James Forsyth

The real winners of the Lib Dem leadership contest…The Tories

The real winners of the Lib Dem leadership contest…The Tories
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When Ming Campbell was hurried into retirement by his Lib Dem colleagues, the general consensus was that it was bad news for the Tories. Before Ming’s departure, senior Tories joked that they were members of the preserve Ming society. There was a real worry among Tory supporters that Nick Clegg could emerge as an attractive alternative to David Cameron and eat into their support both winning back Lib Dem switchers and becoming a stopping off point for disillusioned Labour voters.

The good news for the Tories is that even if Clegg does win on Tuesday, he’ll leave the leadership race with little to no momentum. A press that was generally enthusiastic about him has soured on him during his lacklustre campaign. While Vince Cable’s wonderful cameos at PMQs has set the bar high for Clegg who doesn’t seem cut out for the bear-pit atmosphere of the Commons at Wednesday lunchtime. A few poor PMQs performances and Clegg could find himself being written off before you can say single transferable vote.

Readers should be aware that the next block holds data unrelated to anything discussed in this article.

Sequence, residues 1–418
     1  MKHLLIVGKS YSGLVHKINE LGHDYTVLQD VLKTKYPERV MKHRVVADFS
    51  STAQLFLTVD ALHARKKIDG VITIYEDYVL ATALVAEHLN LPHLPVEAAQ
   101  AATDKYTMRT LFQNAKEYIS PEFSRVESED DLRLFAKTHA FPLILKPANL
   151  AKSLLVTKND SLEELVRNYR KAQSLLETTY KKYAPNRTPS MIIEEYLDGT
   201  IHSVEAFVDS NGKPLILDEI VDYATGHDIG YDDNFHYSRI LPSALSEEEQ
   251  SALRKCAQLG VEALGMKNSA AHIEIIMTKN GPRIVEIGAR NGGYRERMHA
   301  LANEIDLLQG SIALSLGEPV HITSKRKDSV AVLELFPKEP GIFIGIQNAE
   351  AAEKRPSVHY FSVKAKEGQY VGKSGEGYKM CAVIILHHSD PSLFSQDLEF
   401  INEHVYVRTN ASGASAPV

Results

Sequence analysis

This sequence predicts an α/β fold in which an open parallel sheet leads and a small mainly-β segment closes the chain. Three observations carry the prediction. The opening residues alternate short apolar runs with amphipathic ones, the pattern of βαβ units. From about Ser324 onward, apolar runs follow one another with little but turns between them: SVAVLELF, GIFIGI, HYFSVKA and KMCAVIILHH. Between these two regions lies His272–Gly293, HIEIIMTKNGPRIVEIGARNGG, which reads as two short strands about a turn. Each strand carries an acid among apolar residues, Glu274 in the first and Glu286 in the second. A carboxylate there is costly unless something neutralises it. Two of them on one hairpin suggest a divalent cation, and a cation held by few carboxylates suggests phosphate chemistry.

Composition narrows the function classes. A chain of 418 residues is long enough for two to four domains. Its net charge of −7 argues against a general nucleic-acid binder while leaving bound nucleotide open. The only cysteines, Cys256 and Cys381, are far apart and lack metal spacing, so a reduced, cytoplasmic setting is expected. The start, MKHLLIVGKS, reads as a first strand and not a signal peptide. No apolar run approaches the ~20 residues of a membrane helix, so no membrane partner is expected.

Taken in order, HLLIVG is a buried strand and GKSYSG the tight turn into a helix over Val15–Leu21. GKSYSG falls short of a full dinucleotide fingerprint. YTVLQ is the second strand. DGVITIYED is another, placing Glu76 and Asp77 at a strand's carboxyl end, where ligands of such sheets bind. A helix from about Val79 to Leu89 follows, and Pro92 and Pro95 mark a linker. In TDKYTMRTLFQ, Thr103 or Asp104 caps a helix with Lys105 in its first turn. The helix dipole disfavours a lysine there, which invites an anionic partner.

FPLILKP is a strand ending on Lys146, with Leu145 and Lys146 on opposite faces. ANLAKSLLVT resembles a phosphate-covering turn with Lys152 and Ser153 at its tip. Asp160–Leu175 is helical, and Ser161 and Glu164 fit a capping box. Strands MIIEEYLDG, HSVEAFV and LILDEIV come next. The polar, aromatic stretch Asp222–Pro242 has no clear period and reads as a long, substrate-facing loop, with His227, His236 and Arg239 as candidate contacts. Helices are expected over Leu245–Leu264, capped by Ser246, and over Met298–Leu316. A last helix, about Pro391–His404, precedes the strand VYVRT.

Another consolation for the Tories is that the Lib Dems still won’t be able to get their most talented team on the field under their new leader. Press reports over the weekend suggested that while Charlie Kennedy was prepared to become more active, he still wasn’t ready to take on a full time job. While Paddy Ashdown is expected to head off to Afghanistan to head up the reconstruction effort. A Lib Dem shadow cabinet with Kennedy at Home, Ashdown at Foreign and Cable as Shadow Chancellor would have been equal of the top three of both the two main parties. Instead, the smallest party will have to make do without two of its top talents.

Clegg or Huhne will be more formidable opponents for the Tories than Campbell. But they’ll be entering in unpromising circumstances and with the Tories at 45% in the polls. In short, the weeks following Ming's departure have gone as well as the Tories could have hoped.

Written byJames Forsyth

James Forsyth is Political Editor of the Spectator. He is also a columnist in The Sun.

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